Trap shooting started in Merrill at the Lincoln Gun Club in 2014 with 17 athletes and then became a lettering sport for MHS in 2015 under the direction of then head coach Dave Lepak. However, at that time, there wasn’t an official conference to compete in. “In 2017, the team opened to 7th and 8th grade,” Lepak said. “And then in 2018 to 6th grade as well. Our numbers have since climbed ever since.”
In 2018, the Trap Teams within north central Wisconsin formed to create the GNC. The GNC Trap Shooting League for trap shooting was modeled after the WIAA GNC. Merrill Bluejays had 31 athletes on the team in 2018 and then nearly doubled to 59 athletes in 2019. The Bluejays finished in first place in the GNC conference in 2018 and 2019. There were no trap shooting competitions in 2020 due to COVID. The Merrill Bluejay Varsity Trap Team will be looking to defend their 2019 GNC Championship.
Trap Team is a high school sport recognized by Merrill High School (MHS); however, the program is totally self-funded. This year, finding ammunition for the sport is a challenge and more expensive than in years past. The Team would welcome community sponsorship to help support the Trap Team. (Donations can be directed to the Lincoln Gun Club Youth Shooting and Education Foundation, PO Box 54, Merrill WI 54452.)
Donations are used for programs and items like team jerseys, targets, travel expenses, voice activated callers, ammunition, guns, safety gear for ear and eye protection, coaching classes, and trap house/thrower/range maintenance.
“We are always looking for community support,” Lepak said. “The majority of athletes pay out of pocket for everything, guns and ammo. We do offer a fundraiser to help offset their costs. We also sell tickets for the Wisconsin Scholastic Clay Target Program (SCTP) that helps raise funds. We do not receive any funds from MAPS other than bussing. We are able to call the Lincoln Gun Club our home again with no ties to MAPS. Lincoln Gun Club has several guns that the athlete can use, but for the most part every athlete has their own gun. 12 gauge is the most popular gun to use, but there are several that shoot a 20 gauge.”
“Ammo has been in very short supply this year so far. The team has made several large buys through the SCTP, but nothing has been received as of yet,” Lepak added at the time of his comments on Apr. 8.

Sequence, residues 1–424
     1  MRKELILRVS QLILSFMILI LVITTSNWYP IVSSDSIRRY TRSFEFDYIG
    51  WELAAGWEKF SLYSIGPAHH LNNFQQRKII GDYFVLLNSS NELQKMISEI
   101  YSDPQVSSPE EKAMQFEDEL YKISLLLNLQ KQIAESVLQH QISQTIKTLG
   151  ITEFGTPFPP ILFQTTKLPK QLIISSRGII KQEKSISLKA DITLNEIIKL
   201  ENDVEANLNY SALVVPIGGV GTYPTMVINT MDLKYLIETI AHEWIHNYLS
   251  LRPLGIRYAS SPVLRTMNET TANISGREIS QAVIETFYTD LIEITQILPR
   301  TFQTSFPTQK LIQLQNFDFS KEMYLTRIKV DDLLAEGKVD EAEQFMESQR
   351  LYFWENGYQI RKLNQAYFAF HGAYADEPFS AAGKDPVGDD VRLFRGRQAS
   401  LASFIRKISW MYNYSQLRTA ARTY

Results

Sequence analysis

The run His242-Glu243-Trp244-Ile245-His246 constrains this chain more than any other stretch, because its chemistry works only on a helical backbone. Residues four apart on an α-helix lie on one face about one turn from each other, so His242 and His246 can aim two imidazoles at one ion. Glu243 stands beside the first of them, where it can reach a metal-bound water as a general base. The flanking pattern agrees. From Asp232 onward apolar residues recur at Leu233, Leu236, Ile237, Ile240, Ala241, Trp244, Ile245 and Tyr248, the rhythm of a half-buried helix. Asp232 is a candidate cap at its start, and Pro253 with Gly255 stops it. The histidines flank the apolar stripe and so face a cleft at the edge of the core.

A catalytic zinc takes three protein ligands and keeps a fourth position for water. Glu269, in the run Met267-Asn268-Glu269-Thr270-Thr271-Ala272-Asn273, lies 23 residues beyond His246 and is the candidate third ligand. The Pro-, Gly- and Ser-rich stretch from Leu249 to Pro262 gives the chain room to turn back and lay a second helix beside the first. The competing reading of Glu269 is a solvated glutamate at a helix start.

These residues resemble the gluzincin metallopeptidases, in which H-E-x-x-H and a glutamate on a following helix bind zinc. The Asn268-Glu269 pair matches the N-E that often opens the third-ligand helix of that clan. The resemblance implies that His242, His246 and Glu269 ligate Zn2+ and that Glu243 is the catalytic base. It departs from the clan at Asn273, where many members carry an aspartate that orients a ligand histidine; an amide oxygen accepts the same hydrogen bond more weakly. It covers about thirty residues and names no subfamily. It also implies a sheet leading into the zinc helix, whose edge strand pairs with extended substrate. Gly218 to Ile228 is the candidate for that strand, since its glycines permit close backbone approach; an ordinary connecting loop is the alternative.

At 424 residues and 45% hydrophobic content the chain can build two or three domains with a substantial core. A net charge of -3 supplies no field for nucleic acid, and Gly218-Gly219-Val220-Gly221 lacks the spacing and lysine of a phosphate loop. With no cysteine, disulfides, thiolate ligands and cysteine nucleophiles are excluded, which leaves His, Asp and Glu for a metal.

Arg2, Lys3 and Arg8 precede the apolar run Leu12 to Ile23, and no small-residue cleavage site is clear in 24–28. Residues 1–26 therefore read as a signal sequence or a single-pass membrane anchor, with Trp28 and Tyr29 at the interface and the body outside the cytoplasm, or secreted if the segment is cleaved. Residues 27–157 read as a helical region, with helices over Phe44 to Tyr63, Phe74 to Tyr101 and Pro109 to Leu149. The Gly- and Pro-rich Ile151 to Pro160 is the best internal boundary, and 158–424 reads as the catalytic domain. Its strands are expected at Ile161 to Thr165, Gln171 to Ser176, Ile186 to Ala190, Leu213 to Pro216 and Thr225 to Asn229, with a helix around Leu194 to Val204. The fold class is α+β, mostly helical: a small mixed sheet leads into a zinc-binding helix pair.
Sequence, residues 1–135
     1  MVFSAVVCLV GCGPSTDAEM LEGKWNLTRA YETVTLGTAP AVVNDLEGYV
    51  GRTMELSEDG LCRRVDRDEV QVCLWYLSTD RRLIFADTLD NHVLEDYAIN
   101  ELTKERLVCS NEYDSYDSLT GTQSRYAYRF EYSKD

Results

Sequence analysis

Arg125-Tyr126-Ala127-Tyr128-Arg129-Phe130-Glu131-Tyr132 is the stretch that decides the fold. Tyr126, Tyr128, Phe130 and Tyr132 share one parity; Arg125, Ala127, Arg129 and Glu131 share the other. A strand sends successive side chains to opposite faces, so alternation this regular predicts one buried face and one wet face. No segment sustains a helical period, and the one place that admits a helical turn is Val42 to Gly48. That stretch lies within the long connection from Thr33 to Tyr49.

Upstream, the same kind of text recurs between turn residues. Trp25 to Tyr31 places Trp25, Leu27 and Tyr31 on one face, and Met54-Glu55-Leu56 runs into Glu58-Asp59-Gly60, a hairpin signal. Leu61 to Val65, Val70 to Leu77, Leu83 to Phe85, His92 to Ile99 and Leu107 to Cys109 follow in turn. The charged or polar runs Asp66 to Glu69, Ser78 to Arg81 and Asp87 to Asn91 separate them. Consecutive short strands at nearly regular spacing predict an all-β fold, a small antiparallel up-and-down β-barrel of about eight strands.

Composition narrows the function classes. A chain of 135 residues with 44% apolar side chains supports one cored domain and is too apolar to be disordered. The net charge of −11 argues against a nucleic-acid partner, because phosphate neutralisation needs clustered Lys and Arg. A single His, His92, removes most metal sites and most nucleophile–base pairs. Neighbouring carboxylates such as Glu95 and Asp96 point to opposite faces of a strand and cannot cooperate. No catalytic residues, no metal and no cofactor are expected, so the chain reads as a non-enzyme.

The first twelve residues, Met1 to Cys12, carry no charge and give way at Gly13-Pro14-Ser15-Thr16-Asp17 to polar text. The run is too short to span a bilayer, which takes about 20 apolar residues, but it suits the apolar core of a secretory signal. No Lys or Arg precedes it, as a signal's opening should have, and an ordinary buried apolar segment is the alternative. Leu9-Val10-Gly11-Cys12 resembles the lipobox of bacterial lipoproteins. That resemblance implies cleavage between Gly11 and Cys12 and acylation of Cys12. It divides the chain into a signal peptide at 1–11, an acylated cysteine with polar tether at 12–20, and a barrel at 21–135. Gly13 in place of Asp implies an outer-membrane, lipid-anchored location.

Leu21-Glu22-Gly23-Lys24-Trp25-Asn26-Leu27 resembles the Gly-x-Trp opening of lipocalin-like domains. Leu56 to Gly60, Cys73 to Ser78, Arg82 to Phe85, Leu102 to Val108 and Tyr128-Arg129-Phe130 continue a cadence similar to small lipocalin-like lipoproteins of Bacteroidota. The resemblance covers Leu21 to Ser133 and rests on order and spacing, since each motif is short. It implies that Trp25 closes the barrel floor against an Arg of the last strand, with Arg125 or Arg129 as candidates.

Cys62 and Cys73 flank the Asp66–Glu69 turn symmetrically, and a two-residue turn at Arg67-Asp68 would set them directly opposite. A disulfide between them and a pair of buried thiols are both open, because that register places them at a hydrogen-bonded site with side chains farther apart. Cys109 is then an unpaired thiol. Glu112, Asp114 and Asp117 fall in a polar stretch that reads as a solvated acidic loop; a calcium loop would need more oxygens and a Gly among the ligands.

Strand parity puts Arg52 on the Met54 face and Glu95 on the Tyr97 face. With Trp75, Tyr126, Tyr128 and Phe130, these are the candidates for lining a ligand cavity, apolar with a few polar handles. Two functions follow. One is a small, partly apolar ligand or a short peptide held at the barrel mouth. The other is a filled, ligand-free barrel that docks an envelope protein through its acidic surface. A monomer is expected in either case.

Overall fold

“Even with the shortage of shells, we’ve been able to make it through,” Holz said. Though the team would definitely welcome donations of shells.
Coaches switched roles this year, with Kevin Holz stepping up to take the position of Head Coach and Dave Lepak agreeing to continue on as Assistant Coach. There are also 4 new helpers this year, bringing the total helpers to 12 for 2021. Of these 12 helpers, “we have nine certified coaches this year,” Holz said. “Four of which are women coaches to help out our lady athletes,” Holz said certified coaches are the only helpers permitted to be on the line with the shooters. Certification comes with completion of an SCTP course, Holz added. “They are our governing organization.”
“All of our coaches are 100% volunteers,” Lepak added.
Trap shooting is particularly popular as a sport because individuals of a wide range of ages and abilities can compete alongside one another. It’s the perfect multi-generational sport. Eight-year-old kids, properly trained, can shoot alongside and compete with their 80-year-old great grandfathers or great grandmothers. It is never to late to learn, and even handicapped or wheelchair bound individuals can compete.
Lepak said that locally the sport has attracted a wide variety of athletes and shooting trap is truly a lifelong sport that most people can enjoy. The team currently includes guys and girls, from 6th to 12th grade, and an athlete with Down Syndrome who competes right alongside all of the other athletes. In the past, they’ve even had a team member who was considered legally blind. “Although he was labeled legally blind,” Lepak said, “he was able to see, but not able to focus on objects. When we asked him what he could see when shooting trap, his reply was that he could see an orange trail where the bird was flying, but not the actual bird itself. He has since graduated, probably four or five years ago.”
Regardless of age and/or beginning shooting ability, the Merrill Bluejay Trap Team focuses on teaching athletes safe and responsible handling and storing of all firearms. Athletes are taught to respect firearms and other people. And hopefully, they emerge with not only knowledge of firearm safety, but a lifelong interest in recreational shooting sports and activities.